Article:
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Acceptance and commitment therapy

| 01.03.2011

In June 2011, City Lit will be running its second course based on this new approach to stammering therapy. City Lit speech and language therapists and students talk about the 3-day workshop.

What is ACT?

By Carolyn Cheasman, speech and language therapist

I first encountered Acceptance and commitment therapy (known as ACT) whilst studying for an MA in teaching mindfulness. There is a large body of evidence to support its effectiveness and it is increasingly used in clinical psychology when working with people with a range of psychological difficulties.

The two major goals of ACT are acceptance of experience which is out of personal control and taking committed action towards living a valued life. Harris (2007) sums this up as 'embrace your demons and follow your heart'! The view is that struggling to get rid of 'symptoms' can exacerbate difficulty and in ACT there is emphasis on reducing avoidance based coping strategies. However whilst there is not direct work on 'symptom reduction', change in the presenting difficulty frequently happens as a by-product.

There are six core processes in ACT making up the 'hexaflex'. These are:

  • Contact with the present moment - awareness of internal and external events in the here-and-now.
  • Acceptance - contacting psychological experience fully without defence.
  • Defusion - looking at thoughts rather than being trapped in them. The aim of defusion is not to get rid of unwanted thoughts but to see thoughts for what they are, i.e. just thoughts, and not buy into them.
  • Self-as-context - developing a transcendent sense of self from which to notice and open to all experience.
  • Values - identifying the sort of person you really want to be and the things you want to do - what you want to stand for in life.
  • Committed action - taking action in the service of your valued directions.

Mindfulness skills are taught to develop the first four of these processes. ACT then places greater emphasis on taking action and goal setting than in other mindfulness based interventions.

To sum up, the aim in ACT is to make choices to move forward in your life in the directions you truly value with your difficulty whether this be anxiety, pain or stammering.

Thoughts about applying ACT to stammering

By Rachel Everard, speech and language therapist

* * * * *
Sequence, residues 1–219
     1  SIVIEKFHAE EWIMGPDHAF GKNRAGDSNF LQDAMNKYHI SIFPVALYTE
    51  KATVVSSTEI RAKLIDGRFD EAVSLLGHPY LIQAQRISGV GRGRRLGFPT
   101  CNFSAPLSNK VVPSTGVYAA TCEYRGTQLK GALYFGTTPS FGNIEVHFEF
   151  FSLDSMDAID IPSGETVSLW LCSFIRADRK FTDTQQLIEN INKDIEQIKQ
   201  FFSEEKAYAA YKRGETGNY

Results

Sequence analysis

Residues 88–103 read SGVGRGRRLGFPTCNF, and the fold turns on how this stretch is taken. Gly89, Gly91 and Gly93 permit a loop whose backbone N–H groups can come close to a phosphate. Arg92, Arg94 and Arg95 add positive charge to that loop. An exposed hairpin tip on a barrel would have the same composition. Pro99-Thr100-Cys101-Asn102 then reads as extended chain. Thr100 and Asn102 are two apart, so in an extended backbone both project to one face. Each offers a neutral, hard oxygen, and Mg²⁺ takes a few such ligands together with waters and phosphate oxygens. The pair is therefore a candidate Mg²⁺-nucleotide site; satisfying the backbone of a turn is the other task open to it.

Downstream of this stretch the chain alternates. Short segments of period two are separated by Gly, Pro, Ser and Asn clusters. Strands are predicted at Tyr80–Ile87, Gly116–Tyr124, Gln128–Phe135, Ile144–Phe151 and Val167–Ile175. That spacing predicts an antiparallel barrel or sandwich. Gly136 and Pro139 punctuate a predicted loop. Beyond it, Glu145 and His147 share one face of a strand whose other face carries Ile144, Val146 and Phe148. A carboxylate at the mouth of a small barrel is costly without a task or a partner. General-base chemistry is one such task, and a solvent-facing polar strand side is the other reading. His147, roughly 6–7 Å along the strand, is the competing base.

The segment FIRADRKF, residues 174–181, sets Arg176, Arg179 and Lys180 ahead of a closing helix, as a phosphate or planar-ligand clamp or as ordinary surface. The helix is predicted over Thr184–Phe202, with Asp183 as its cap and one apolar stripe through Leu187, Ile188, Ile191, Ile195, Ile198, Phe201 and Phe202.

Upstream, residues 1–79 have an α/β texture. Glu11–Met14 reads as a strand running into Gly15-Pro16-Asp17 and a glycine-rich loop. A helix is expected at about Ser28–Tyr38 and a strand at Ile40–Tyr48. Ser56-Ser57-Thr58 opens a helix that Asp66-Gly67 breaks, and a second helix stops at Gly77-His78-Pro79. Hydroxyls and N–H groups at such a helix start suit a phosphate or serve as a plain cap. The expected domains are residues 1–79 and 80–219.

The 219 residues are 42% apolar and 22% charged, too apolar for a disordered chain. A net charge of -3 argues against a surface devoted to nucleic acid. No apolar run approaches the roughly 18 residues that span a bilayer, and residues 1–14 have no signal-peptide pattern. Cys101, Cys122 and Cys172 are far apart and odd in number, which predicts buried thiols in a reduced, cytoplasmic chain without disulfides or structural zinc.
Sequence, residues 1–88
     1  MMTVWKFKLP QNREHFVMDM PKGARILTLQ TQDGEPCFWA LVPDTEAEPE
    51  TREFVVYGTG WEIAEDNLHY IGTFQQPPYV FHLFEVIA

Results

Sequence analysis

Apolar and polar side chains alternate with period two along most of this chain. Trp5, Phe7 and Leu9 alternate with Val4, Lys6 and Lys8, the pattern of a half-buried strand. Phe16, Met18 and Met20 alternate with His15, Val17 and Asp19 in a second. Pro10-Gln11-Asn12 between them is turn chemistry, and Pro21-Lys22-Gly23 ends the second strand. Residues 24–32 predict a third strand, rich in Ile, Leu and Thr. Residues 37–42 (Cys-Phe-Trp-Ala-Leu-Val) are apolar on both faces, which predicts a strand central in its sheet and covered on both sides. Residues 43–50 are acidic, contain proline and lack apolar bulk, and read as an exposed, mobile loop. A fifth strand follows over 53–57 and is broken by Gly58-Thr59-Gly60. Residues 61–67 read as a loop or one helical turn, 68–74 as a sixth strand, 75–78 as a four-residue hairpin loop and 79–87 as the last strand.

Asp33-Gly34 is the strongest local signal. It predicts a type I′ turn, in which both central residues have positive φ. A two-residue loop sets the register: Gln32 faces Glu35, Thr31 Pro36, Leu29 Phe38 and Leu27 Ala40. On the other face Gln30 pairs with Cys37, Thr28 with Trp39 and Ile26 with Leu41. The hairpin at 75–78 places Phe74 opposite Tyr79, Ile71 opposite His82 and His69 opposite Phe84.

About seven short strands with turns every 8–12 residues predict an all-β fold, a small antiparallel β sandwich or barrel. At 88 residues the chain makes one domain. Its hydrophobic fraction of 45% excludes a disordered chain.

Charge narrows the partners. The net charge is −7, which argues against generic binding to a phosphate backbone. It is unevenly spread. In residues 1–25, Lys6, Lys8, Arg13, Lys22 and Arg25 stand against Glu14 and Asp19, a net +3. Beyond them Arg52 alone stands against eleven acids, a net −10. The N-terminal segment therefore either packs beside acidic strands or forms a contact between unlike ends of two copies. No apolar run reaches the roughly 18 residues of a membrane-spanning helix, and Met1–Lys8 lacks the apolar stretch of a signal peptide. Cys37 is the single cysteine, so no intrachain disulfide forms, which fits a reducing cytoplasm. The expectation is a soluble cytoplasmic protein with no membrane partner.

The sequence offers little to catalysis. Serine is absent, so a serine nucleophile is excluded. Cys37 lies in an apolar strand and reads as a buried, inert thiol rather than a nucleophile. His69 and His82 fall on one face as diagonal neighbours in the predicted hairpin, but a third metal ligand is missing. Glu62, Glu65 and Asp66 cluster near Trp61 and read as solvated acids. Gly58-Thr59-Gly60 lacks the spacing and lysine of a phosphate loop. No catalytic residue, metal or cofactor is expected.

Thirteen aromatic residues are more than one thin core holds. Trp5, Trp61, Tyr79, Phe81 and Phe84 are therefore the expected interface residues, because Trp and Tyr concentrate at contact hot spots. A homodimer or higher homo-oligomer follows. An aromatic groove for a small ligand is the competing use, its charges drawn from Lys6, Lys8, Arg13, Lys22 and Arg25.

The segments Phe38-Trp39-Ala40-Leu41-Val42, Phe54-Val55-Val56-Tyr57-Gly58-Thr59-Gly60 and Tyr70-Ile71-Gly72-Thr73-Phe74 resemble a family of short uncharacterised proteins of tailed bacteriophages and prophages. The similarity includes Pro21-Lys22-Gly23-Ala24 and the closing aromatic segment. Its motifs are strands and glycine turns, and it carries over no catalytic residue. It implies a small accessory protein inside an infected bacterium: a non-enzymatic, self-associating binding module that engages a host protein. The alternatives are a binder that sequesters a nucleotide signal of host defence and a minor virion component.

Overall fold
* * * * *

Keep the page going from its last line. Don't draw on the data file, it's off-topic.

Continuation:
It was thanks to Carolyn that I was introduced to ACT via the highly accessible and absorbing self-help book by Russ Harris 'The Happiness Trap'. The principles of ACT are highly relevant to stammering therapy in numerous ways and here are some examples:

The premise of the happiness trap: ACT teaches that our attempts to control a problem often only make it worse and what we do to overcome a problem may actually serve to maintain it. This is often the case in terms of stammering whether it be through struggle behaviour to get through a word or avoidance strategies which might result in less stammering in the short-term but at a cost in the long-term.

Self-acceptance: an alternative to struggling with stammering is to develop more acceptance of it and whilst people who stammer understand the importance of this it can be a huge challenge. One of the strengths of ACT is its use of metaphors and these can be immensely helpful to aid understanding of the importance of being with stammering rather than fighting against it. An example of a metaphor in this context is of someone stuck in quicksand: their automatic reaction is to struggle which only decreases their likelihood of survival. However if they can remain calm, lie back, stretch out and float, they stand a much greater chance of getting out alive.

Values/valued directions: once clients start to identify what's important to them in a broader sense, working on goals such as avoidance reduction can become much more motivating. For example, someone who stammers might have the value to be an effective manager which will involve attending meetings and speaking up at times for their department. They will be motivated to speak up in this type of situation as it will be in the service of this important value as well as helping them to become more desensitised to stammering.

Metaphors can be immensely helpful to aid understanding of the importance of being with stammering rather than fighting against it

Students' experiences

Last year City Lit ran a 3-day workshop on ACT for people who stammer, and two people who attended the course now share their experiences.

St John Harris